• Re: (Score:2, Insightful)

        by marcello_dl (667940)

        There are many other methods to send info, one time pads (number stations), steganography (lots of side channels for noise to be tampered with), couriers, stuff...

        And BTW you still have to prove that NSA and all the other agencies are working for their own nation against the other nations. It may hold true at lower levels, but they don't answer to anyone by design, and it's apparent that we live in a global system where politics are a diversion.

        • by Kjella (173770)

          There are many other methods to send info, one time pads (number stations), steganography (lots of side channels for noise to be tampered with), couriers, stuff...

          OTP needs a secure side channel the same size as the data meaning you can't just call/text/mail someone and verify a fingerprint, which makes it extremely impractical, steganography with no or weak encryption is just security by obscurity, couriers depend on the security of the courier which is just like trusting the Internet - it too is a third party courier. Without regular PKI it wouldn't be practically feasible, fortunately the basic building blocks like RSA for signing/verifying in certificates and PGP

          • OTP needs a secure side channel the same size as the data meaning you can't just call/text/mail someone and verify a fingerprint, which makes it extremely impractical

            Well that's a problem if your are already under the radar but otherwise? What if you just apply a salted hash to blocks of innocent files that you share with your pal and use them as the OTP? We all already share innocent files provably identical, the updates. Linux users routinely download compressed and signed packages those mega if not gigab

        • by Anonymous Coward

          Key distribution for one time pads is a nightmare. It's possible for a giovernment to send tapes of one time pads through diplomatic baggage to their embassies in advance. But it's completely useless for anyone else.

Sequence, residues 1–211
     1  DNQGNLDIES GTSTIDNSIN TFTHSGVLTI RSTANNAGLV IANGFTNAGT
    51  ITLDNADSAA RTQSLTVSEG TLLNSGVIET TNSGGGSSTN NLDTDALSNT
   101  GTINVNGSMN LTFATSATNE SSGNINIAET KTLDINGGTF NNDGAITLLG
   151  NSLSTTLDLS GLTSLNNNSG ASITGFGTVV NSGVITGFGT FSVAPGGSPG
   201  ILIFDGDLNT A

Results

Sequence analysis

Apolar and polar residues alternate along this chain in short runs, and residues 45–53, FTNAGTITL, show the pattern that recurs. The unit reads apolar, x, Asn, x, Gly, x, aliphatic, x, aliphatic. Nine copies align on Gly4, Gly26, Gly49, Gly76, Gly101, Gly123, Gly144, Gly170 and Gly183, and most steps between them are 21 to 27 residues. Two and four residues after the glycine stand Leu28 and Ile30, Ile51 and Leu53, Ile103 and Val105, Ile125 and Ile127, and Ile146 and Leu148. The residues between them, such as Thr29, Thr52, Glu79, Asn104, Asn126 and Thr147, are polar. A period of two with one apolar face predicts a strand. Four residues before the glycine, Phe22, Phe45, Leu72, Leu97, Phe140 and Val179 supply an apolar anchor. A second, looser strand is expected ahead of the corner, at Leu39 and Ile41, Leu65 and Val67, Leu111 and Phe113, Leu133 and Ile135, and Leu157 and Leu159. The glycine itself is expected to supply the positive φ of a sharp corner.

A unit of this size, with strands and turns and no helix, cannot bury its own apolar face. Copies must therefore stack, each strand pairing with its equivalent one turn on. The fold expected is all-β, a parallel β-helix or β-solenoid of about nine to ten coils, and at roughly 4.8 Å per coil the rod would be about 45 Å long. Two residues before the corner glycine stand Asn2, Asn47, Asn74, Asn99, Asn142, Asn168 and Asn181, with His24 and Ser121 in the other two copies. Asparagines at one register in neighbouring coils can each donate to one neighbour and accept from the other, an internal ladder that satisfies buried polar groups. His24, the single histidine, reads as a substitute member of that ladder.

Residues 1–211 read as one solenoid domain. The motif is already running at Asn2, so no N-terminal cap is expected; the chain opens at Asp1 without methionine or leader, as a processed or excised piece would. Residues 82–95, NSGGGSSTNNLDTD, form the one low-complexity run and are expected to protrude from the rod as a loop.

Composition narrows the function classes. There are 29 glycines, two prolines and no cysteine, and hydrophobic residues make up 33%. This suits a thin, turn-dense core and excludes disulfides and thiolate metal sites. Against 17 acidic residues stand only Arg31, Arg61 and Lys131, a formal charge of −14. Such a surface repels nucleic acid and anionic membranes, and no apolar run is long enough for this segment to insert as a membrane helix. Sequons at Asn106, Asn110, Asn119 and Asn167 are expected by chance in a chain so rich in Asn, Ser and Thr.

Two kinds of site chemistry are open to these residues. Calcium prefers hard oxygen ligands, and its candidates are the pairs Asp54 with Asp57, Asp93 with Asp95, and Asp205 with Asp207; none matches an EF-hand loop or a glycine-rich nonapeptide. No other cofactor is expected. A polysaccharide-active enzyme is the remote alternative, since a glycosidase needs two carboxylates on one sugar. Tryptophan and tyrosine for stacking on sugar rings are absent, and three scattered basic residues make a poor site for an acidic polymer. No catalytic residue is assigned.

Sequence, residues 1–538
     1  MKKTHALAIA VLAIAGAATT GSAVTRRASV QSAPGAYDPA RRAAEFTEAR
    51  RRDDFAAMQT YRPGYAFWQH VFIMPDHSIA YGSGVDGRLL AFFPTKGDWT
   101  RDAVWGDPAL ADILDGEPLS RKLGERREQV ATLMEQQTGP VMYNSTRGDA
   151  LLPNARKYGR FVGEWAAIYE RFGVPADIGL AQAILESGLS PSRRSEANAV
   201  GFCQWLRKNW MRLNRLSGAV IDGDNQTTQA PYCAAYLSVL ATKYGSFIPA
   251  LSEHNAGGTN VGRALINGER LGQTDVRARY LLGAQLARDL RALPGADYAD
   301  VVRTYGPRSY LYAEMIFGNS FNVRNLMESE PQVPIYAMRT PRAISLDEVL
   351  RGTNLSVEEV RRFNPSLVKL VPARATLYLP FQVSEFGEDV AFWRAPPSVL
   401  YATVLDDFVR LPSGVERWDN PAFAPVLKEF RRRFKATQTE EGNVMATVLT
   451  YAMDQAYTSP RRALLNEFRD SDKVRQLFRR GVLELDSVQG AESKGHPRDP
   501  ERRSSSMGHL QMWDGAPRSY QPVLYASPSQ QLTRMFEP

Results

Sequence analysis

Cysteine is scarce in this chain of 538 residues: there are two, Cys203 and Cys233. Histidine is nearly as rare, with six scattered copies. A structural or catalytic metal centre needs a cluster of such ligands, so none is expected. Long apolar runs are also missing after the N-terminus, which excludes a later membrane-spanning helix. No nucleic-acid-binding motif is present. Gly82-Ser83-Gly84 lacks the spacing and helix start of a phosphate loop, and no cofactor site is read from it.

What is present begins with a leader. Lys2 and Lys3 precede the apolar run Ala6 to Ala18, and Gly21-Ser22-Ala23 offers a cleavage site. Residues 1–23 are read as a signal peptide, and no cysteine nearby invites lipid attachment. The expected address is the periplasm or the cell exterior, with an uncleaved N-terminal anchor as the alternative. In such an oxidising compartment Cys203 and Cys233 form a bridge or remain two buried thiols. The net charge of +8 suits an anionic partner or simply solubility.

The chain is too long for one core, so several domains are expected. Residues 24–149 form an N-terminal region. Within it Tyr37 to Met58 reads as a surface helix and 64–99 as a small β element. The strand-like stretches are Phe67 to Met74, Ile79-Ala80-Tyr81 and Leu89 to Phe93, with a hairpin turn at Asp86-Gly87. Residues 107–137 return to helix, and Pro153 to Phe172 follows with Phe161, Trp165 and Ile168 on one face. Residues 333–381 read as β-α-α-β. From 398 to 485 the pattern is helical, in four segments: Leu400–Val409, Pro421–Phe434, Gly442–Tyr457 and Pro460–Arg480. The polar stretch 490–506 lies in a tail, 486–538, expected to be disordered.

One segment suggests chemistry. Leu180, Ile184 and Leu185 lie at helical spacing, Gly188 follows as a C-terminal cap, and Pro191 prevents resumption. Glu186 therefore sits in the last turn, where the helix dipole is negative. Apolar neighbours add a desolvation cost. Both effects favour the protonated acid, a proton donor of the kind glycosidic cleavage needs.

• Key distribution for one time pads is a nightmare. It's possible for a government to send tapes of one time pads through diplomatic baggage to their embassies in advance. But it's completely useless for anyone else.

            Yeah... Mailing a flash drive is beyond the abilities of most people.

    • by evilviper (135110)

      Factoring products of two big primes may be all we have left.

      Factoring primes is popular, but not at all the ONLY method:

      https://en.wikipedia.org/wiki/... [wikipedia.org]

    • by Anonymous Coward

      > If this is just being publicly announced now, it was probably known to NSA, the GRU, and the MSS years ago.

      I don't know about that. One thing that has become clear after Snowden's revelations is that the NSA has troubles with properly implemented cryptography. Whereas they no doubt have one or two tricks up their sleeve, they don't seem to be in possession of any revolutionary mathematical knowledge. They used to be years ahead of academia in cryptography, when academia was barely looking into it. That

    • Maybe read the article or, I dunno, some of the other comments before making yourself look stupid. This does not break any crypto systems that are currently in use because it only solves the discrete log problem in some specific finite fields with very low characteristic, i.e. not ones used by DH. You might say, oh that is just the first step to breaking DH, but there is no proof of that. Different finite fields have very different properties and there is no evidence at all that results like this can or
  • by l2718 (514756) on Friday May 16, 2014 @11:46PM (#47023429)
    TFA links to the published version on SpringerLink, which is paywalled. A free preprint is available on the arXiv [arxiv.org].
  • by Anonymous Coward

    The new algorithm is for small characteristics. Small characteristics have been suspect for some time and are no longer used. In fact: cryptographers are moving away from finite fields altogether in favor of elliptic curves, now that most of the relevant patents in that subject have either expired or been rendered toothlesss. No subexponential algorithm is known for the Discrete Logarithm Problem over elliptic curves.